Here once stood the garden shed. But then an ageing Oil Tank had to be changed. The new rule was that flammable items had to be at least 6 feet away. A wooden shed just 3 feet away just didn’t cut the mustard. So it had to come down. I remember the day so well. My partner organised the skip. She took the first swing with the sledgehammer and then left the rest to me. It was a tough fight. Eventually I won the contest on a split points decision. Yes the shed was down but most of it now appeared to be imbedded in me.
We never did get round to putting a new one up. Actually we didn’t need one. The area became a little bit more green. A place to randomly put those potted plants which we have collected over the years. A nice home for a 90 year old wooden bench which has long since served its purpose and has been retired. It’s also a bit of a magnet of our sons footballs….
It so needs a good weeding but actually yellow poppies and wild strawberries are starting to grow here. Well that’s my excuse.
I’m not sure what my partner would make of it. Maybe a bit too chaotic for her. She liked organisation. The new shed was high up on my list of things to do before the world changed. But then she left our little world. Then every weekend her mum would pop over for an hour or so. She loved it. When she came over at the weekend she would often sit and look at it while drinking her coffee. Thinking about life. Watching the birds make use of it.
I’m writing this at about the time her mum would have been visiting. I’m sat in the chair she would be sat in. Yes I do think the little green area works. Maybe that new garden shed can wait for a few more years. Sorry my love…..
Wild strawberries get everywhere. Now they have found a way into the large tub which contains the old blueberry bush. This raises one of the great life mysteries. Wild strawberries are cropping up all over the garden. Even on the stone drive. Yet I find it impossible to grow them when and where I want them to. Nothing ever happens with my strawberry seeds. Most frustrating….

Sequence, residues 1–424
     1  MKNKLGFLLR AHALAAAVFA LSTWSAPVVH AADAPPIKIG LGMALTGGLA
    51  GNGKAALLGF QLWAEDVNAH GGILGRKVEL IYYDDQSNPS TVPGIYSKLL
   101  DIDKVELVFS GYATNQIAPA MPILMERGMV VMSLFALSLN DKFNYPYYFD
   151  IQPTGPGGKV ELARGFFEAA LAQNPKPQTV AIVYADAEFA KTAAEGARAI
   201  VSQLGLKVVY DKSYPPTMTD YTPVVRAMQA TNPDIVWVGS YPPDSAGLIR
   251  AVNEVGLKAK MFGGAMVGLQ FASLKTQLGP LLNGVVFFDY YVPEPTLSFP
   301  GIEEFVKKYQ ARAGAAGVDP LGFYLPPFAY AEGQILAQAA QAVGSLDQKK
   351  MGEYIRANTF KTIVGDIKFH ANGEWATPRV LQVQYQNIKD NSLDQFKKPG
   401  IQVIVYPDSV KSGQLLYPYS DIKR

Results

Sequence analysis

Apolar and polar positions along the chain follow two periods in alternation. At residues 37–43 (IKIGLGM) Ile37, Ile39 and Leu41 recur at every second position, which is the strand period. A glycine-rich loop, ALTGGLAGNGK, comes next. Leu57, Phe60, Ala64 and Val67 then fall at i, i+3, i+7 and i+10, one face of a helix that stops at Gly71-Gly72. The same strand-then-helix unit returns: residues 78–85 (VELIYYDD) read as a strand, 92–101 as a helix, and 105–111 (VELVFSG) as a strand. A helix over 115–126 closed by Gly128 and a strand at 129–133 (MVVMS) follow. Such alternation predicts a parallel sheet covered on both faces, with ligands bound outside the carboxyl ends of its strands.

So officially no work until September at the earliest now. I guess it gives me more time to tend my strawberries. But we are SO fortunate compared to many others. We have beautiful memories. We have a nice (if slightly chaotic) garden with a lovely view. We are relatively secluded. Son can feel safe here. We can scrape by and pay the bills. We can still have fun and enjoy life. Yes another 3 months of this self contained world can at times seem a claustrophobic thought. But that thought is there only if I let it exist. In reality I’m losing a few brief encounters, some knee jarring runs and an occasional trip out. Counter to that – Son is gaining a feeling of security. For that security I can more than cope with a few inconveniences. Everyday we still have the ability to create memories and live out our dreams. Maybe not my frequent night dreams featuring talking cows and dinosaurs. But you know what I mean.
So let’s be thankful for what we have. Let’s use what we have. Let’s remember to live.
Let’s take the time to watch the wild berries grow…
The other thing about the wild strawberries is that they don’t last long. The are stripped bare by our frequent garden visitors. That’s fine with me. I guess they were the ones who brought the seeds here in the first place. So they grew them, so why not let them enjoy the rewards. And the answer to the great life mystery. I should leave the gardening to the experts. The wildlife. Having said that – they don’t seem very willing to cut the lawn.
The sun is shining. It’s still cold but we will settle for this.
So it’s almost official. School has emailed parents to say that looking at the latest government guidance – which apparently isn’t much – only some Primary pupils and those sitting final exams next year will get any direct teaching over the next few months. The earliest Son will be back in school is going to be September. So it’s time to get our heads round this.
Looking at the government’s plan for the economy – doesn’t take long as it’s basically wrote on the back of the PMs hand – probably means the company I work for won’t be operating anytime before September. That’s being extremely optimistic and requires an awful lot of good fortune. Being realistic there is a high probability it will not survive. So it’s time to get our heads round this.
It’s also time to get my head round the likelihood that I won’t be seeing my brother and sisters much in 2020. If things improve then maybe visits at Christmas might be a possibility. Realistically meet ups are not happening anytime this side of September. Already one Government official has said Summer family holidays and meet ups are cancelled, as these are unsafe – but apparently getting on a packed bus and going to work is completely safe.
AND WE HAVE TO GET OUR HEADS ROUND TWO EVEN MORE PRESSING MATTERS.